We make many choices every day. Most are made unconsciously. But the current trend of learning "mindfulness" asks us to bring more choices into the conscious mind and take more control instead of being buffered by distractions and unruly emotions. This morning, the Spring sun shines brightly after rain has scrubbed the air. The trees are alive with the racket of birds. On such days it's easy to choose to revel in the simplicity and beauty of being alive.
It must be much harder to make the decision to revel in being alive in the face of pain, disease and impending death. On a Facebook page called "Driving Miss Norma" we can be inspired by the story of one woman who found herself confronted with such a choice and decided to choose enjoying a life of travel instead of a life of medical procedures and hospitals. As the introduction to the page says: "At 90-years-old, Norma eschews assisted living after her husband suddenly dies and she is diagnosed with cancer. Instead, she is traveling in a motor home."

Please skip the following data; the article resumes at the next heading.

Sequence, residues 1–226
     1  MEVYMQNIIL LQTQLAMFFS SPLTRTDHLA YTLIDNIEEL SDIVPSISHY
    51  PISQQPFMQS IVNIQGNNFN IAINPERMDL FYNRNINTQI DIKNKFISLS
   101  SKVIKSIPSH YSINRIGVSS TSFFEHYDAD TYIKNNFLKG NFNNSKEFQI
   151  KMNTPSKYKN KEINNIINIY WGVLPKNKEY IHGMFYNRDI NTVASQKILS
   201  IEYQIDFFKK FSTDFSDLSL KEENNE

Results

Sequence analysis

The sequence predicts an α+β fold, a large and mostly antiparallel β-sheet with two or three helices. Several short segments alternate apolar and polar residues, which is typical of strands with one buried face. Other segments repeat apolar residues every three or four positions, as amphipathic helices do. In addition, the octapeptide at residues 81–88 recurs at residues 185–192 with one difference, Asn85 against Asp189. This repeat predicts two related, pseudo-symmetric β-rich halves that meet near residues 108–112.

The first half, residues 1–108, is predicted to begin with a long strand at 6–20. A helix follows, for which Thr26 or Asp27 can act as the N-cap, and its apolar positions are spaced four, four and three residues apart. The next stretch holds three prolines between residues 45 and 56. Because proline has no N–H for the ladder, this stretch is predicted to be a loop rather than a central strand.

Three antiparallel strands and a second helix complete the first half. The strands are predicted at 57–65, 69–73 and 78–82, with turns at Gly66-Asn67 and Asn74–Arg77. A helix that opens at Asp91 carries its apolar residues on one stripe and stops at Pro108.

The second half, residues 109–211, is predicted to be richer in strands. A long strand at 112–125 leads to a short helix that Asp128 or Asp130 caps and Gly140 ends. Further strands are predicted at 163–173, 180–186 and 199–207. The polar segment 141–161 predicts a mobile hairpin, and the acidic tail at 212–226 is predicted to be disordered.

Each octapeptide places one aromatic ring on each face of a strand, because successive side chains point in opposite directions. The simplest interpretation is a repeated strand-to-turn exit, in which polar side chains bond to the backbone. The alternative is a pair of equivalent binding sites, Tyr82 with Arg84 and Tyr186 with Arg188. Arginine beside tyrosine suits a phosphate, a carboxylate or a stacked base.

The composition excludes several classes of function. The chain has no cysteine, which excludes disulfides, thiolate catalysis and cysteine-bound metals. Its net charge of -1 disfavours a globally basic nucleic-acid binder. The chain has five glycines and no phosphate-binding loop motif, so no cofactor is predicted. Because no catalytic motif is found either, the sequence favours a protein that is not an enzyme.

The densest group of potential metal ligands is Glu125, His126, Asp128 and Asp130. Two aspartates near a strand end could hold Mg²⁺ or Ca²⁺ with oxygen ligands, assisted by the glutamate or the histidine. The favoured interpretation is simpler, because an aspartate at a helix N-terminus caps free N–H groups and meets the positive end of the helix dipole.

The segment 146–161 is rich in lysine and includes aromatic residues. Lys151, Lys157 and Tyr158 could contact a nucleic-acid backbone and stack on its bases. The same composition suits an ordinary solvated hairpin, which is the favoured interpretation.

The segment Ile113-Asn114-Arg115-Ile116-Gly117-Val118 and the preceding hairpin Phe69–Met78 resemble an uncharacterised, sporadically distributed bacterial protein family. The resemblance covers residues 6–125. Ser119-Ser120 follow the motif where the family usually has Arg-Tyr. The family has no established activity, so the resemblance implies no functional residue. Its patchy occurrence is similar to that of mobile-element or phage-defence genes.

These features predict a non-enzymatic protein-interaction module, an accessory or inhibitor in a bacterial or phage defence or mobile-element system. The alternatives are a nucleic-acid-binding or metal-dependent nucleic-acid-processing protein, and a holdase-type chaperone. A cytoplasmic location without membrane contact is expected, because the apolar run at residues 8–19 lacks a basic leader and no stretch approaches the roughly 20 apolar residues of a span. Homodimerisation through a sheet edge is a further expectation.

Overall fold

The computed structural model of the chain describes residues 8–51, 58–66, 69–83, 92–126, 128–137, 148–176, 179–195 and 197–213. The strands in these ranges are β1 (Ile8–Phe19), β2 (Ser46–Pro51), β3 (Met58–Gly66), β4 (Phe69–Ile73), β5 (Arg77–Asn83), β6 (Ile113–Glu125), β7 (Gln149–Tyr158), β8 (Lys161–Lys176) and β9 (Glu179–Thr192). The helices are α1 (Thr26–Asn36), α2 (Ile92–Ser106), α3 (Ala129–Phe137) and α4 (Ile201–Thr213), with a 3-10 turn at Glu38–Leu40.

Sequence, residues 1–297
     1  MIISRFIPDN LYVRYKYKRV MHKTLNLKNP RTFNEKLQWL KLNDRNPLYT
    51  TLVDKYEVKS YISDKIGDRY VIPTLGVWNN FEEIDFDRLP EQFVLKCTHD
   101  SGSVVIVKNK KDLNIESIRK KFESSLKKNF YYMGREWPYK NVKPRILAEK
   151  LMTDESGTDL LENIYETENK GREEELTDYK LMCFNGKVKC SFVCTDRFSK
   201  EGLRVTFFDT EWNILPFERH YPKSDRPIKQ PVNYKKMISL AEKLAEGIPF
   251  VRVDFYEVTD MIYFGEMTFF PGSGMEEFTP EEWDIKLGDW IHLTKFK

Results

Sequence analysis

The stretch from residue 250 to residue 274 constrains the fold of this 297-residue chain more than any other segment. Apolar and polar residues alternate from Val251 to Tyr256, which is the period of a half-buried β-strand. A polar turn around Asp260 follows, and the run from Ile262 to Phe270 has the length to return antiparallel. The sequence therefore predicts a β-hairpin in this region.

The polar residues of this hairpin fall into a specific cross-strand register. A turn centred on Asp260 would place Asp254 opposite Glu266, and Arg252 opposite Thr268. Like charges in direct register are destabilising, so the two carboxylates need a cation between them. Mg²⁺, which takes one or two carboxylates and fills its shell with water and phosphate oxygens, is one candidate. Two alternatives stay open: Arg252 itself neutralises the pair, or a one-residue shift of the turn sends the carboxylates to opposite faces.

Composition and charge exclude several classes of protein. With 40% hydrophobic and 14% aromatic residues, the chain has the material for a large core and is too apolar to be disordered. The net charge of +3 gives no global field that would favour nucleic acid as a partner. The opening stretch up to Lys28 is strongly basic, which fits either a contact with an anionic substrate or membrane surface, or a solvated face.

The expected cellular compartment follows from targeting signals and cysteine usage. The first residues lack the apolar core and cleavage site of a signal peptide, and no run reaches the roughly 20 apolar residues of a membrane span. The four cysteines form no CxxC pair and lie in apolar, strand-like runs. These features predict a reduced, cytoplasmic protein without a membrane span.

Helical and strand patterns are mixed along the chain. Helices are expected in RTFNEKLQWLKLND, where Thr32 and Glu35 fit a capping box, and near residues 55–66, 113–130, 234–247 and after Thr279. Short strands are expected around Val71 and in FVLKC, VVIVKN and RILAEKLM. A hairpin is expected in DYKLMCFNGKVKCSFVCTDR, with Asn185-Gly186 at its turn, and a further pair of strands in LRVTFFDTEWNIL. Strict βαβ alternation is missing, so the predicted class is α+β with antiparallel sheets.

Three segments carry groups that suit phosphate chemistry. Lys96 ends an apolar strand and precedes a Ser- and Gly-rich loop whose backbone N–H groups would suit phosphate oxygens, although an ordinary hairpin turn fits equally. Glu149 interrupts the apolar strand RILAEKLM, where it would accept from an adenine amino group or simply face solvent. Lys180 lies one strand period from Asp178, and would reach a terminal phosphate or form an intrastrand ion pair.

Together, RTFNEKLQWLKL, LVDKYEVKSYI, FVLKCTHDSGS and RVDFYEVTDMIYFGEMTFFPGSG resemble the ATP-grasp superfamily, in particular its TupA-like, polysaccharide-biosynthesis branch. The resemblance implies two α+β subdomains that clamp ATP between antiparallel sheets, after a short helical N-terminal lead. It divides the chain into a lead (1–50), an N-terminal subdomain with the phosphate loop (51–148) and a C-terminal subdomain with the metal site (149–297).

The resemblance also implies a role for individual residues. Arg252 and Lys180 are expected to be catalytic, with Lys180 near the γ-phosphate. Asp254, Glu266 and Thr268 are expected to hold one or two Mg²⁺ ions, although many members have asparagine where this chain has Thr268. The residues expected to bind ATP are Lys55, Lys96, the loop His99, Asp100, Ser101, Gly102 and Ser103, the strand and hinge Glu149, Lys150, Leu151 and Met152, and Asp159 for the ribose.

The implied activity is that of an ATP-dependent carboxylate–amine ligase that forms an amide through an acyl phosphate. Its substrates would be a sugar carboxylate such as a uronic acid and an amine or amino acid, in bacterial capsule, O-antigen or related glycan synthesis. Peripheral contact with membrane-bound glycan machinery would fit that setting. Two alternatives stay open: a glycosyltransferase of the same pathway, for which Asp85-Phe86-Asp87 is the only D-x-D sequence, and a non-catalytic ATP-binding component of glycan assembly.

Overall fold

Of course, Norma isn't driving, she has accomplices. And she probably has never even heard of the term mindfulness. But somehow she had the "presence of mind" to choose to live in the world of people, fun, and travel while she still could, instead of trying to prolong her life at all costs. (It's hard to tell if Norma is actually still with us as there haven't been any updates for quite a while.)
Those of us who have the luxury of good health and time, can certainly learn to live more in the moment as if it could all go away in an instant. Indeed it can. A heart attack, a car accident, the onset of cancer, could each happen to any of us. Did you know that sepsis, the disease that killed actress Patty Duke at the age of 69 kills over 200,000 people each year in the U.S? Not that we should spend our time needlessly worrying. Quite the opposite. The goal is find a way, a practice of becoming more aware of what a gift each moment is.
It's certainly easier to do so on a beautiful Spring morning. But with some actual practice, we can prepare ourselves to maintain that awareness and appreciation in even the most dire of circumstances. We can learn to transcend fear and despair even as we acknowledge what darkness might surround or infuse us. What better way than to spend a few minutes each day in practice?
If you technology to help you do just about anything, here is a list of IPhone and Android Mediation Apps.